About how Ron Lee was criticized for his cautious play-calling in past weeks, Rolo talked about how Ron was trying to limit the mistakes of a developing offense:
“He did what he felt was our strength (at the time).” (HA)

About Ron Lee, Rolo said:
“You’ve got to have some (guts) to call this offense. (Lee is) really stepping up. I mean, his scripts, play-calling, the different concepts he’s throwing into practices — it’s been great.” (HA)

HA Note: “Rolovich said sometimes plays are designed to set up other plays. Last week, Washington made a down-and-out cut to get open. Later, the Warriors ran the same play. The safety, remembering Washington’s previous pattern, tried to cheat to the outside. Washington then looped around and raced upfield to make a catch.”

About how Ron Lee sets up plays in games, Rolo said:
“Ronnie has done a great job of setting up plays.” (HA)

HA Note: “Last week, the Warriors finally unveiled the fly sweep, a play kept under wraps since training camp. The scheme, which was borrowed from Willamette University, calls for an in-motion slotback to run laterally and then take the handoff. Mouton ran the play once, with little success. Or so it seemed. The play stretches wide the defense, and even if Mouton is a diversion and does not get the handoff, it creates more open areas for the receivers.”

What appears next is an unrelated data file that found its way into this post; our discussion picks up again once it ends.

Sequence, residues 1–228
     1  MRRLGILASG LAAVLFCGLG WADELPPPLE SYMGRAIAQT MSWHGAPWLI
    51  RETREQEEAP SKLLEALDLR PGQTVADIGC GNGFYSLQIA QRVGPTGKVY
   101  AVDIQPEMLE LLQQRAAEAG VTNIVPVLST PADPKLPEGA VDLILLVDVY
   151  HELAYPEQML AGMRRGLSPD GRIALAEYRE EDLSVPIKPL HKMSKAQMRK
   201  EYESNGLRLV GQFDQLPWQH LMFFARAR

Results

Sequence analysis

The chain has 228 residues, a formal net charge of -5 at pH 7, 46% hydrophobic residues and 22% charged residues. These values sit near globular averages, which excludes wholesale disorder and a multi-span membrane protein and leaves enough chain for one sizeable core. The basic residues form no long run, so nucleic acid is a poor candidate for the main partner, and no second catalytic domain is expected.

Not worried about the 4,500 elevation at Logan, Utah, Mac said:
“Altitude isn’t going to affect us, and we have good depth. We’re going to play a lot of people. These guys are in good condition. They’re in as good condition as any team I’ve had.” (HA)

About how Utah State never recruited him despite how badly he wanted to go there, Tim Grasso said:
“I never once got a callback. I got a callback from everyone else but Utah State, and that’s where I was trying to go. … But I never heard back. It is what it is.” (HA)

HA Note: “Grasso, who grew in nearby Kaysville, Utah, had wanted to attend Utah State. He tried three times — as a senior in high school, as a freshman at Dixie State College and as a sophomore at Saddleback Community College.”

Happy that he’s punting for Hawaii, Grasso said:
“I’m glad I went to Hawai’i. I tried (to go to Utah State), but I’m in a better place now. It’s a good thing they didn’t call.” (HA)

About how he loves Logan, Utah, Grasso said:
“They’re the nicest people,” he said. “This is a great place.” (HA)

About the importance of his in-season weight training, David Veikune said:
“I have to make sure I keep my strength up. I’m always working out.” (HA)

About how Desmond Thomas is now their #1 free safety, Rich Miano said: